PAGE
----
One free option is to leverage Notepad++. While Notepad++ does not support JSON out-of-box, there is a fairly good JSON plug-in for Notepad++ available at You install this plug-in like most others for Notepad++…by simply copying a .dll to the \plugins folder and re-launch Notepad++.

Now you can open an existing template from the samples available online. To enable the functionality Notepad++ json plugin, start by selecting your json template with Control+A, or Edit–> Select All.

Then, select Plugins –> JSON Viewer –> Show JSON Viewer.








This will parse the template and present it in the JSON Viewer in a left navigation pane.













While this is not ideal, it does provide some basic functionality for validating JSON syntax as you piece together new deployments from existing ARM JSON templates.

Inside the MS Cloud Episode 4 – Hybrid Identity with EMS

If you are interested in learning more about Microsoft’s Enterprise Mobility Suite, and come spend an hour with Azure expert and PowerShell automation Guru Wes Kroesbergen. Wes works with SoftChoice, billion dollar+ LAR, where he specializes in EMS deployment for clients of all sizes.

When it comes to EMS, my buddy Wes knows his stuff! He brings both technical expertise and real-world experience to what I think was an interesting session.

Watch epdisode 4 at

Inside System Center Podcast #1- Show Notes

In this episode of “Inside System Center”, we discuss the announcements around System Center 2016 and pondered the future of Microsoft’s management stack based on announcements from MS Ignite 2015 in Chicago. If you are not yet up to speed on the technical details behind the latest announcements from the Ignite conference, this is one you should listen to.

Podcast Download Details

Audio only edition at

You can find the video version of episode 1 of Inside System Center at

Show Notes

In short, the announcements in Chicago show us the System Center team has charted a long term course for a cloud called Azure. No doubt the journey will be interesting.

Below are a few of the key resources mentioned in the podcast that will bring you up to speed quickly.

Windows Server & System Center Futures—Bring Azure to your Datacenter (Platform Vision & Strategy)

Introducing Microsoft Operations Management Suite 

Now Available – System Center 2016 Technical Preview 2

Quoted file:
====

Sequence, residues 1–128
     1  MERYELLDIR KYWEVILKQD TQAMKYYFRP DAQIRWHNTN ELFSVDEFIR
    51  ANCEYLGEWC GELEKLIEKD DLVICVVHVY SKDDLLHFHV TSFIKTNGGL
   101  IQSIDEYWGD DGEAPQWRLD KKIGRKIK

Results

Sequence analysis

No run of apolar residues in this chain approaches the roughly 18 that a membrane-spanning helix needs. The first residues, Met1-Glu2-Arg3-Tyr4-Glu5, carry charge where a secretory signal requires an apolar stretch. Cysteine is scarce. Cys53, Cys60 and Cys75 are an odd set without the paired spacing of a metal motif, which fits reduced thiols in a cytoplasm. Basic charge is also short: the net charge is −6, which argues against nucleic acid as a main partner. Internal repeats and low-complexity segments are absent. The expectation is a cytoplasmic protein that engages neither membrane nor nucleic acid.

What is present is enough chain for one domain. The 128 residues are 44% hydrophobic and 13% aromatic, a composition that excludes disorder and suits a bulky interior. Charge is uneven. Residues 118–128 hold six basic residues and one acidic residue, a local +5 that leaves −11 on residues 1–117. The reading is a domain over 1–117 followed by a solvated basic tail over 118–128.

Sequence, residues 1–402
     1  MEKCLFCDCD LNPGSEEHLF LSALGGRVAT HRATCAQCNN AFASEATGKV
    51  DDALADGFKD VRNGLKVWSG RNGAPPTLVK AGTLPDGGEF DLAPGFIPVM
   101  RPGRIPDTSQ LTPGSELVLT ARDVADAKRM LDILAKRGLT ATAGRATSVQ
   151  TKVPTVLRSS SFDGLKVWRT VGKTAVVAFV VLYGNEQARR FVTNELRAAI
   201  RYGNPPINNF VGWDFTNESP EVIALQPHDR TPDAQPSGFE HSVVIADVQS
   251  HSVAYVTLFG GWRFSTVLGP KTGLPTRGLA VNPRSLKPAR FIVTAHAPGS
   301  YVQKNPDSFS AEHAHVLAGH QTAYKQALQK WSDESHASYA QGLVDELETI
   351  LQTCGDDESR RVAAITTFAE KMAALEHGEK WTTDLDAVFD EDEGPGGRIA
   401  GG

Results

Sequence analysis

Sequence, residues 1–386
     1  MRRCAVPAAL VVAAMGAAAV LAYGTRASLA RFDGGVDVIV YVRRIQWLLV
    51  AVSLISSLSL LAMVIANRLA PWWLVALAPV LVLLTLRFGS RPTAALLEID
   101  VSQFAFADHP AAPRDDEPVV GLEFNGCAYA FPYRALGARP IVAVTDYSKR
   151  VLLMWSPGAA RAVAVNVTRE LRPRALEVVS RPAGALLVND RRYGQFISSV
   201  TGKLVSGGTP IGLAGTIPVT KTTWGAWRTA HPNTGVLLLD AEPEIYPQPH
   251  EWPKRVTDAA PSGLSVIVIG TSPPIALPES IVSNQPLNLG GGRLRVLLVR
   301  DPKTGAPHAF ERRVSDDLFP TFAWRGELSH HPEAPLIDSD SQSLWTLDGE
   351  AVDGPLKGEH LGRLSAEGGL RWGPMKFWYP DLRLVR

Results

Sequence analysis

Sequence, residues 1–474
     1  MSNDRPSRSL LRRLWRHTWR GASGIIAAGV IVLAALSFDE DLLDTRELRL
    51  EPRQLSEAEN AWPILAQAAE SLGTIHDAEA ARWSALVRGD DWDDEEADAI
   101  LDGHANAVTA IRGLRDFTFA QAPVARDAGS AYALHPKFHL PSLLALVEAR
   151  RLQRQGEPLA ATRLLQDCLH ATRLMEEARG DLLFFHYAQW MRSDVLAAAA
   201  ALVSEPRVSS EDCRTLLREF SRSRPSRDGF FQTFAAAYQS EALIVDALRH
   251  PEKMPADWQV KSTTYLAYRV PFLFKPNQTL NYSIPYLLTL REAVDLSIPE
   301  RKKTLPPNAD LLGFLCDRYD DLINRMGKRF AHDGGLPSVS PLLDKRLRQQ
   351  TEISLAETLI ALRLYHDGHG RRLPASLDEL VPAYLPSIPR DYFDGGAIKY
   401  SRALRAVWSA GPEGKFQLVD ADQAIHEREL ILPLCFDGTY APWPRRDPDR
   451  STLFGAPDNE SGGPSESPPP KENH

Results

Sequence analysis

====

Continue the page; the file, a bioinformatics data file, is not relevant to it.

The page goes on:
System Center 2016 Tech Preview 2 Released

System Center Orchestrator Migration Toolkit

Microsoft Azure Stack with a strong ARM

Azure IaaS for Azure Stack

Sample Azure Automation Runbooks from My #MVPvConf Session

I’ve had some requests for the Azure Automation runbooks I used in my Azure Automation webhooks demo in my MVP Virtual Conference session. To ensure they are easily accessible, I have published them to the Microsoft Technet Gallery. The runbook titles and links are listed below.

Start All VMs in Specified Azure Resource Group

Stop All VMs in Specified Azure Resource Group

The session recording should be available on the Channel 9 website ( in the next few days.

Quick Tip: Using Azure Resource Manager PowerShell Cmdlets in Azure Automation

This tip addresses a problem you are sure to have if attempting to work with the Azure Resource Manager (ARM) PowerShell cmdlets within Azure Automation in May 2015. I should preface by sharing that I believe this situation may change as the story evolves with Azure Resource Manager (ARM) and PowerShell, as the Azure Automation team may still be working on optimizing the user experience.

The Problem

When you attempt to use Get-AzureVM and some other cmdlets in the ARM PowerShell module, they fail due to incorrect parameters. If like me, you test your runbooks in Visual Studio or the PowerShell ISE before copying into Azure Automation, this error will be confusing.

There are two issues here:

  • The ARM PowerShell module is not present in Azure Automation by default.
  • The ARM cmdlets (which support much of the Azure IaaS v2 functionality announced at Build and MS Ignite, such as JSON deployment templates) and the Azure Service Management cmdlets (used in most Azure IaaS v1 operations) functionality have cmdlets with the same names, but different parameters.

Step 1: Zip and Import the Azure Resource Manager PowerShell Module

If you installed the latest Azure PowerShell cmdlets, the default path on a 64-bit OS (as of May 2015) is shown below.

C:\Program Files (x86)\Microsoft SDKs\Azure\PowerShell\ResourceManager\AzureResourceManager

Zip up this directory and all the files and folders in it, which will include AzureResourceManager.psd1. As you zip the folder, the file name should default to

Step 2: Upload the Module to Azure Automation

To upload the ARM PowerShell module in the Azure Preview Portal, which is designed to support the new Azure IaaS v2 capabilities, perform the following steps:

1) Login to the Azure Preview Portal at
2) Select Browse from the left navigation pane.
3) Then select Automation Accounts, followed by your Azure Automation account.